OCTOBER 1999 |
Have you ever stopped to wonder what dinosaur droppings looked like? Given that we can't even be sure what dinosaurs look like (their skin doesn't survive fossilization, so we have no idea what color they were), it surprised one reader at least to know that we have fairly good stocks of dinosaur coprolites (fossilized droppings), one of the best hailing from Saskatchewan and believed to have issued from a tyrannosaur.
If you're a trivia buff this Lewin's "Merde: Excursions in Scientific, Cultural and Sociohistorical Coprology" will enable you to hold forth at parties for months to come. It is so full of curious facts that I hardly dare quote any for fear of missing even better ones. I note, however, that giraffes defecate from such a height that their waste explodes and scatters on hitting the ground, that llamas queue patiently to go in a particular part of the wind-blown landscape of South America rather than just dumping anywhere, and that bats arrange themselves in a social hierarchy so that there is no danger of your droppings landing on anyone more important than yourself.
The depth of knowledge exhibited by the author is stunning. Although a small book (barely 150 pages of text) there is hardly a spare word, and extensive background reading must have gone into it. References are not given in full in the text, but there is a bibliography and a sound index, so readers whose interest is sparked can wander into their local bookstore and ask for works, the titles of which defy belief. Has anyone, for example, ever seen a copy of "Una Vieja Historia de la Mierda" or the lively (if inaccurate) "What bird did that?"
Despite the comic factor built into such a book, it has some serious ecological interest. Stephen Jay Gould, for instance, has written on the difficulty of saving the giant panda when it needs to eat so much bamboo to stay alive, the poor nutritional value of its chosen diet meaning it has to clear a field-sized piece of land each week. The majority of this growth is returned to the soil as panda manure, which is probably just as well. And students looking for a research project might like to answer the author's question "Why does the three-toed sloth go to the trouble of climbing down from his tree and burying the result in a little hole covered with leaves, although it takes him half an hour of precious eating time to do it?" I grant that it is "nature", just as "nature" causes cats to cover their excrement, but what possible advantage is there to the sloth in doing it?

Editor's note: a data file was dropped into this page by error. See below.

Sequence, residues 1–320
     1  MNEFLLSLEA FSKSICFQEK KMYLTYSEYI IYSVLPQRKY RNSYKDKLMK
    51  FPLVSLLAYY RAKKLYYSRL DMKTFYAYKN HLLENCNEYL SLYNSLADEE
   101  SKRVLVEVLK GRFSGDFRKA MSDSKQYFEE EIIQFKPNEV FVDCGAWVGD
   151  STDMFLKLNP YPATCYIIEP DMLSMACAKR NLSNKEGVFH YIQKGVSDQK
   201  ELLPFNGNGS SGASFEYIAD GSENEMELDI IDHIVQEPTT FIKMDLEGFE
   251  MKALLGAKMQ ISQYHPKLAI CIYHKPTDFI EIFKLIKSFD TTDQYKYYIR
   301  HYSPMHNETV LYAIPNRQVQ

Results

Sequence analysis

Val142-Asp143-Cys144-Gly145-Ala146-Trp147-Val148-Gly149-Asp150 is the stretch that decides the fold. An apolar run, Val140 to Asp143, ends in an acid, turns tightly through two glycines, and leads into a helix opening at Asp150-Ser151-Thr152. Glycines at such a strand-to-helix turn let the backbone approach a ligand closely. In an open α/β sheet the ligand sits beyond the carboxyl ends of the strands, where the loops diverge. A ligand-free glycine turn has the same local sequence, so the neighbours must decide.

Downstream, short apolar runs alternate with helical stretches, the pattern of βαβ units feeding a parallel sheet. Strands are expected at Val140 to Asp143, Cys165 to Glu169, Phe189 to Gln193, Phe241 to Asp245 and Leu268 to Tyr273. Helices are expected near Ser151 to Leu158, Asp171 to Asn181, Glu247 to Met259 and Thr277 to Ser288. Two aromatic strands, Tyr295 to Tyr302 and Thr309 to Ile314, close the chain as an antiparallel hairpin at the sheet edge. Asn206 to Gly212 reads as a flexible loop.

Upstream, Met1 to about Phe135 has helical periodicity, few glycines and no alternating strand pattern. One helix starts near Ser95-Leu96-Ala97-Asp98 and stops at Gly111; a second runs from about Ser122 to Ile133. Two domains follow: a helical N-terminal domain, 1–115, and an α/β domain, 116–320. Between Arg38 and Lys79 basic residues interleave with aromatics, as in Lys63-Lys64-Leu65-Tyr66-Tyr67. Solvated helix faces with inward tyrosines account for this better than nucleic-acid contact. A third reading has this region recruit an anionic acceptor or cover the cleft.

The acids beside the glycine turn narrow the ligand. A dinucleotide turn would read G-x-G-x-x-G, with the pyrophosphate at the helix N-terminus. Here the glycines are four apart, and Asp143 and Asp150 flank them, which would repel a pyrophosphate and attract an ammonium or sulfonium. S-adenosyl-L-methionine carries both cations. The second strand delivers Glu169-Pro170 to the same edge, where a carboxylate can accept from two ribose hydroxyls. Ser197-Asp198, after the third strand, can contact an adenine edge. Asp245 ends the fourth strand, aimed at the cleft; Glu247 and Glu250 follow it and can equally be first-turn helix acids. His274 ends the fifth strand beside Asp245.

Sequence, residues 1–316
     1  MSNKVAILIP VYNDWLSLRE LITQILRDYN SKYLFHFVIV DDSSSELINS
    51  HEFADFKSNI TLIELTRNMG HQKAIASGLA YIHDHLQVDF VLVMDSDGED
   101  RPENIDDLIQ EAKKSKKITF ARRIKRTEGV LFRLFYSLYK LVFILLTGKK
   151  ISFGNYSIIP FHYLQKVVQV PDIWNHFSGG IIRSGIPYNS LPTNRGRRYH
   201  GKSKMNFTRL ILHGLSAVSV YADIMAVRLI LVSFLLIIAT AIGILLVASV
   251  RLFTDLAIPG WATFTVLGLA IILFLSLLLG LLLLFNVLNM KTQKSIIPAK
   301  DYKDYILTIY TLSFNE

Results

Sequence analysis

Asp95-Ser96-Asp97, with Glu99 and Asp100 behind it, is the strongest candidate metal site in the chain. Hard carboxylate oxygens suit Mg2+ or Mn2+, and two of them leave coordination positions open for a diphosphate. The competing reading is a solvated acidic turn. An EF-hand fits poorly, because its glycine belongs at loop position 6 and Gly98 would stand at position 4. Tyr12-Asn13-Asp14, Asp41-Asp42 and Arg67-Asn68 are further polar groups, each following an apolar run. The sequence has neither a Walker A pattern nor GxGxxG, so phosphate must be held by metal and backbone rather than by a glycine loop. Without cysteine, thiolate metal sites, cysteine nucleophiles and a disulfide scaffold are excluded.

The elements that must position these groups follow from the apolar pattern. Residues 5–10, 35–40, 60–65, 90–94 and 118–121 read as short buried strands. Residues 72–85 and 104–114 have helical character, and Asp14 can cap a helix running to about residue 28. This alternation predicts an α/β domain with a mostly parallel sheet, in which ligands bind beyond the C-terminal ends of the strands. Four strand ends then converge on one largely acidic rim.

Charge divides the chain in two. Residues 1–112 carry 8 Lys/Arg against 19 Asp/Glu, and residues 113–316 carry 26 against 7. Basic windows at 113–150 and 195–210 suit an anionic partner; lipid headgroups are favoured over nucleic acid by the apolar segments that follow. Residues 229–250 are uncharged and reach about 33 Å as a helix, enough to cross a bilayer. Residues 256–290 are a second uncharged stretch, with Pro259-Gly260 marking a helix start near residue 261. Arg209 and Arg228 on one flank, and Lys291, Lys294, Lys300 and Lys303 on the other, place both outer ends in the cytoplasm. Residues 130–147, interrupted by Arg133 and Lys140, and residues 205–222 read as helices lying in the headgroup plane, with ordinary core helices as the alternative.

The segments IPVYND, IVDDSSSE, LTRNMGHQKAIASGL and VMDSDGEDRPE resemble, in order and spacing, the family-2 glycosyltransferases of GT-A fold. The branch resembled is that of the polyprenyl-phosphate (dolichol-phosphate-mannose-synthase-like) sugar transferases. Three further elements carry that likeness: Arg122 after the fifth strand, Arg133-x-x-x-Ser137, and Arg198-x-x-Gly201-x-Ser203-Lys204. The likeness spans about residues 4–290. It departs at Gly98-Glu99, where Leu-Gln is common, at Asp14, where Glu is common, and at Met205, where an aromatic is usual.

I found great amusement in the book. Having recently been to Chester, I am shocked to discover that there was a statutory fine laid down for anyone found relieving themselves in the cathedral; not that I approve of fouling sacred places, but obviously it must have happened for the city fathers to decide to penalize it. While I knew that Sir John Harington is reputed to have invented the flush toilet, I did not know that we owe the palm for inventing the lift-up toilet seat to Leonardo da Vinci. I rate that a greater boon to mankind than "La Gioconda".
I can heartily recommend Professor Lewin's little work as a splendid weekend's entertainment, and just the thing to put on the windowsill of the smallest room in the house at the convenience of sitting guests.
GRAHAM BRACK, a pharmacist by day, is the staff book reviewer for Renaissance Online Magazine. He lives in Cornwall, England.